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					Nintendo - Video Games - Column - New York Times                                                          Page 1 of 4

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 Nintendo, Once Down, Devises Its Comeback
 Published: May 26, 2007

 SEATTLE, May 23 — Reggie Fils-Aime, president and chief operating                            PRINT

 officer of Nintendo of America, is certainly the game industry’s man of                      REPRINTS

 the moment, at least in the United States. Mr. Fils-Aime and his crew                        SAVE

 staged a day of media events here this week amid one of the most                             SHARE

 remarkable turnabouts in fortune gamers have seen since Atari went
 belly up two decades ago.
                                          After placing a distant third in the last
                                          generation’s console wars, behind the PlayStation 2 and
                                          Microsoft’s original Xbox, Nintendo has roared back to a
                                          position approaching dominance on the strength of its two
                                          innovative machines: the hand-held Nintendo DS and the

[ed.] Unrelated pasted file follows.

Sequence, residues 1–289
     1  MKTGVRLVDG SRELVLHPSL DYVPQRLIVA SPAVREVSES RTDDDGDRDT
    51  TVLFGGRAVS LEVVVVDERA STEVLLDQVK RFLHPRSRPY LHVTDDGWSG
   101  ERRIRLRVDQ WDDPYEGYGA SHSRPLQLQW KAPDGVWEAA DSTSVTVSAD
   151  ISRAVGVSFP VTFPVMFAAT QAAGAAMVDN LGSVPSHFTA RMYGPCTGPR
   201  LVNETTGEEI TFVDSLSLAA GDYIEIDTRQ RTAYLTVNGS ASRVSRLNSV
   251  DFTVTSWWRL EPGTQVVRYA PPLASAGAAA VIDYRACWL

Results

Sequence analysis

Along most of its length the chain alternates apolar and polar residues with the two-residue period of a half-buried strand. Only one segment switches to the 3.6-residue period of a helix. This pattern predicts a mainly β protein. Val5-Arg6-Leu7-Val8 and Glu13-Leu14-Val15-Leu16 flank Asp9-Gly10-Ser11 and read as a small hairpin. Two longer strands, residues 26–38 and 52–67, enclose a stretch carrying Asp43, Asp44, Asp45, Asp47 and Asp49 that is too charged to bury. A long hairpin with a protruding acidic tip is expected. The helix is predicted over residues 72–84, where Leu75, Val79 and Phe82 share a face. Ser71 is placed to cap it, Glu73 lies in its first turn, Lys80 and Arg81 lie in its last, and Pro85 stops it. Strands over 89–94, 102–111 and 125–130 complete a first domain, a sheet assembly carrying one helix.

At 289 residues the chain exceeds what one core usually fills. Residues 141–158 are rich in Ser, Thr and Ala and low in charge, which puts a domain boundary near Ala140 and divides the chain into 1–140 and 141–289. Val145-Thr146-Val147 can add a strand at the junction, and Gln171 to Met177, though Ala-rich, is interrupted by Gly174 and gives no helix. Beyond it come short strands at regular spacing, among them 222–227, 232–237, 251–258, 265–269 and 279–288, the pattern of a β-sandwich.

much- lauded Wii. Last month, Nintendo sold more than
 Nintendo is promoting mind-exercise      four times as many Wii units (360,000) as Sony sold
 games like Brain Age 2.
                                          PlayStation 3’s (82,000), and many people still can’t find
                    Enlarge This Image    the Wii on store shelves.

                                          “We have about 25 people call or stop in asking about the
                                          Wii every day,” the clerk at an EB Games retail store here
                                          said on Tuesday night. “When we get a few units they just                   1
                                          disappear. It’s almost like people are camped out waiting.”
 Nintendo’s Big Brain Academy                                                                                         4
 features logic and memory games.         Meanwhile, the DS portable continues to outsell Sony’s
                                          PlayStation Portable (though a recent price cut on the PSP
 may tighten that race) and, somewhat under the mainstream radar, the Pokémon                                         6